Ciudad San Salvador, Estado de San Salvador, Repùblica de El Salvador
¿Que paso, amigos?
So I’m in San Salvador, the capital city of El Salvador right now. I know I just posted an update yesterday, but someone gave me a dollar and I couldn’t resist…
So when we last spoke, I was in Guatemala…that was yesterday. After leaving Mazatenango, I found my way to the Salvadorian border in about nine hours. My first ride of the day was with a boy who couldn’t have been older than twelve. But, a ride’s a ride, so I hopped on in and logged twenty more k’s. Plus, he gave me five Quetzales! Nice kid…
I got a few more short rides that totalled no more than thirty k’s, and then got a long one. It was with a fellow named Fransisco, and he was going the Guatemala City for his twenty-five year class reunion. He drove me about a hundred k’s, through the beautiful Guatemalan countryside. I saw Guatemala’s most unpredictable volcano (Pacaya) spew tons of smoke agitatedly into the clear blue sky, and a couple more less volitile ones. After Fransisco dropped me off, I got a ride in about five seconds in a little van for about thirty k’s.
After that, I finally saw a sign that said “La Frontera El Salvador, 135.” Todo derecho, friends.That’s what I like to see. I got a ride with three women who were on their way to see their sick grandmother for about fifty k’s. The girl in the back, who was eighteen, spoke nearly perfect English (she works at a help hotline that recives calls from the USA) and apparently has a Facebook. I’m expecting a friend request soon. She doesn’ like Metallica, though (she says they’re “too loud”) but I’ll forgive her for that. But no more freebies.
After being dropped off about sixty k’s from the Salvadorian border, I was really starting to get hungry and thirsty. I had had nothing to eat since the previous night, and nothing to drink, and my mouth was dry as a bone. My next ride was with a guy and his kid that took me about twenty k’s. He told me not to accept rides from big trucks, as they are apparenty “muy peligroso.”
After that, I got a ride all the way to the border. The fellow was nice, and kindly bought me a much needed bottle of water.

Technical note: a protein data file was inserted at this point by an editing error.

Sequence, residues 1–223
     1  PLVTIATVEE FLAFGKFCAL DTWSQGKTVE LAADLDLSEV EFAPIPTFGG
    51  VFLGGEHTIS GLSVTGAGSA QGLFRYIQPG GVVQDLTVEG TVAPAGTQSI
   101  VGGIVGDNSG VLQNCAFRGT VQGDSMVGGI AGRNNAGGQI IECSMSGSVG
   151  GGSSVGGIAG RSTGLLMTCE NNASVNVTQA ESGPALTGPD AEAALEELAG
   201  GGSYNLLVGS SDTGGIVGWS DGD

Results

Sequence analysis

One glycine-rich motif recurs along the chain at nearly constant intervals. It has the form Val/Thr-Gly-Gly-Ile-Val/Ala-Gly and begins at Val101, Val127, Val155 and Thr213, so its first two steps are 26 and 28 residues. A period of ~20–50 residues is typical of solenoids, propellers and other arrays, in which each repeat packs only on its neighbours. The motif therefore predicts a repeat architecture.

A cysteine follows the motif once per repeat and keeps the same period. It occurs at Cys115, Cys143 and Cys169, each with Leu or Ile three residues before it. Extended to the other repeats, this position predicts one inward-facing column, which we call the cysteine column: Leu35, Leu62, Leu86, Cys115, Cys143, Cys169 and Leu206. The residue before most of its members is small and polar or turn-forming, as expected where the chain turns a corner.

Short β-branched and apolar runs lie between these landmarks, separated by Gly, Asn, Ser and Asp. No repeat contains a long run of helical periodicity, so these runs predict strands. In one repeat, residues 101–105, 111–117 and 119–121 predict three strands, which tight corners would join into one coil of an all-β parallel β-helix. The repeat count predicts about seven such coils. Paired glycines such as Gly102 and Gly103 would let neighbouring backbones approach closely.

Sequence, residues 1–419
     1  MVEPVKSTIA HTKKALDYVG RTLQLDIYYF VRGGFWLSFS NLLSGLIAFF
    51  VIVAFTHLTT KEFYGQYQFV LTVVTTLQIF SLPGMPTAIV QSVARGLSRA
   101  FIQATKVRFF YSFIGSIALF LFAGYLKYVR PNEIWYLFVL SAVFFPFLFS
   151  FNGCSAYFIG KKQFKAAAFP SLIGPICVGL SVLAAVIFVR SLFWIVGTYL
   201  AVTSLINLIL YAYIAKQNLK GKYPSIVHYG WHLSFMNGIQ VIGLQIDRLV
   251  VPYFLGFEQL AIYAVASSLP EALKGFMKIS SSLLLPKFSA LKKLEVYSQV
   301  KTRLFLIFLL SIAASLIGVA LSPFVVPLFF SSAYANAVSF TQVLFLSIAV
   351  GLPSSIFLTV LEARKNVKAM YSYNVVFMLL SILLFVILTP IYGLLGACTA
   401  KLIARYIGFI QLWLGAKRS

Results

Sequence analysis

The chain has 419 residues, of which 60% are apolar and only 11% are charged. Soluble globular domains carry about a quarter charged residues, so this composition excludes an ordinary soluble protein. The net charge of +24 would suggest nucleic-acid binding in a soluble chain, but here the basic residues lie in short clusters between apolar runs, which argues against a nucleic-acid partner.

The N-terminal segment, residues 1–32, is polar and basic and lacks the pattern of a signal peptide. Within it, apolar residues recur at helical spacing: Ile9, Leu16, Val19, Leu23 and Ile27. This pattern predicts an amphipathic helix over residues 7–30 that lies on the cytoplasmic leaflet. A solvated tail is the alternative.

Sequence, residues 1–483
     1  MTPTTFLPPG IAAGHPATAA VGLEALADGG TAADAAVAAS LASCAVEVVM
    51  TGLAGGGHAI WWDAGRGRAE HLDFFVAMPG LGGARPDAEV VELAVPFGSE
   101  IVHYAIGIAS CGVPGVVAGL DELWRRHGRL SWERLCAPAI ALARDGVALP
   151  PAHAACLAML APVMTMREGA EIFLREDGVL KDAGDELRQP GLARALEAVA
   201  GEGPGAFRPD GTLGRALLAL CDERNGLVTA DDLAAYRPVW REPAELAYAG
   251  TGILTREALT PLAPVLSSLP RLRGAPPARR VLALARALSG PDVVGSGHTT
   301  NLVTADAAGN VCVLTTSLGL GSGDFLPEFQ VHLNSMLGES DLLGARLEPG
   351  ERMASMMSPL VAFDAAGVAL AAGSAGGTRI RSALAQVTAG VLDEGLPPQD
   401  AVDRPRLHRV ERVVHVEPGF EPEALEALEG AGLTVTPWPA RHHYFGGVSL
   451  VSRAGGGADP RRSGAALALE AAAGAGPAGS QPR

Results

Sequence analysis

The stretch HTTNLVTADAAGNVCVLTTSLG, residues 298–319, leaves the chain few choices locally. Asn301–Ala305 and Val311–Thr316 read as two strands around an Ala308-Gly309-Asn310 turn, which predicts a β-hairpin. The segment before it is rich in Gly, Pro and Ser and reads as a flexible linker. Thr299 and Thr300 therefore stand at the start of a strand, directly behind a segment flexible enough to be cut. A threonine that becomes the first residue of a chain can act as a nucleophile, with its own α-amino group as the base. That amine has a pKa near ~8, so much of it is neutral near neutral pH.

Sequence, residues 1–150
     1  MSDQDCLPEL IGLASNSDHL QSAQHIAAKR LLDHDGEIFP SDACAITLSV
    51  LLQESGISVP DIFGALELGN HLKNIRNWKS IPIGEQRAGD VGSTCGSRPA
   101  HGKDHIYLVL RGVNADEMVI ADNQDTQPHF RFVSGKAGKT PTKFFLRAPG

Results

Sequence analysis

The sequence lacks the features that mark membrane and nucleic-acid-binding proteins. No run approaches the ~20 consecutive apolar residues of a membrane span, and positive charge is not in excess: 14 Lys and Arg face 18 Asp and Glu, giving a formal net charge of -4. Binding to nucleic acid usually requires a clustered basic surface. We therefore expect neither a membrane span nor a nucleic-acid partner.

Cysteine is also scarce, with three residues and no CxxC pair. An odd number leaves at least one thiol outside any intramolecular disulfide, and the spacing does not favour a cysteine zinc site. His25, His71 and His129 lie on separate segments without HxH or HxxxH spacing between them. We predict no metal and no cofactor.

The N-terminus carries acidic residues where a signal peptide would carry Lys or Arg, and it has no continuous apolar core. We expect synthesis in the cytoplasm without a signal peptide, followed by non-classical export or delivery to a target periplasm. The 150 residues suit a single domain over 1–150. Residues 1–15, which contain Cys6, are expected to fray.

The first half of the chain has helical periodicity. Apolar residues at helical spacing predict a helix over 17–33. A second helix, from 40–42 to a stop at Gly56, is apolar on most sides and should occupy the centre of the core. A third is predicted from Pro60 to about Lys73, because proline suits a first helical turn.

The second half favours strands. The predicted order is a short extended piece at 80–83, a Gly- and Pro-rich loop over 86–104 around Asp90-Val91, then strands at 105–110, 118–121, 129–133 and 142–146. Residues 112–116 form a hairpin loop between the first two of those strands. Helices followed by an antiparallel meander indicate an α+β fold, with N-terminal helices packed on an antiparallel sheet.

At the border, I wasn’t anticipating any problems. However, I found one. It stemmed from my fucking expired passport again. The immigration guy said that “You no visit Salvador. I very sorry. You go the American embassy in el Capital and get fixed.” That’s about a hundred and fifty k’s away. Well fuck me running. Guess I’ll have to go swimming again.
So I told the guy quite ploitely that that was perfectly all right, and that I would go back to Guatemala and get this whole mess sorted out. I walked back into Guatemala, cut through a cow pasture, and headed for the river.
On the way, a guy stopped me and asked what I was doing. I told him I was going to bathe in the river. He didn’t advise it, as it was apparently “muy peligroso, con malo personas.” I waived his warning aside, as according to the locals, anywhere but where we are now is always dangerous and full of bad people.
When I got to the river, I found some fellow illegal border crossers, coming from Salvador into Guatemala. The noticed my whiteness, and asked me if I had any money. I told them I had twenty Guatemalan centavos on me, which is about a quarter cent. They didn’t belive me, and I noticed them searching my pockets while I was floating my pack across. However, when they discovered that I did indeed have no money, they left me alone. The probably would have robbed me if I had anything of value, which is why I don’t carry anything of value.
Upon reaching the other side, I was greeted by two guys in their twenties carrying AK-47’s. They told me quite pleasantly, “Beinvenidos a Salvador,” and then also asked me if I had any money. I told them no, and, after a brief search of my pockets, I was allowed to pass, free of lead. Nice of them. I asked them what the guns were for and they told me, “To hunt bears.” Right…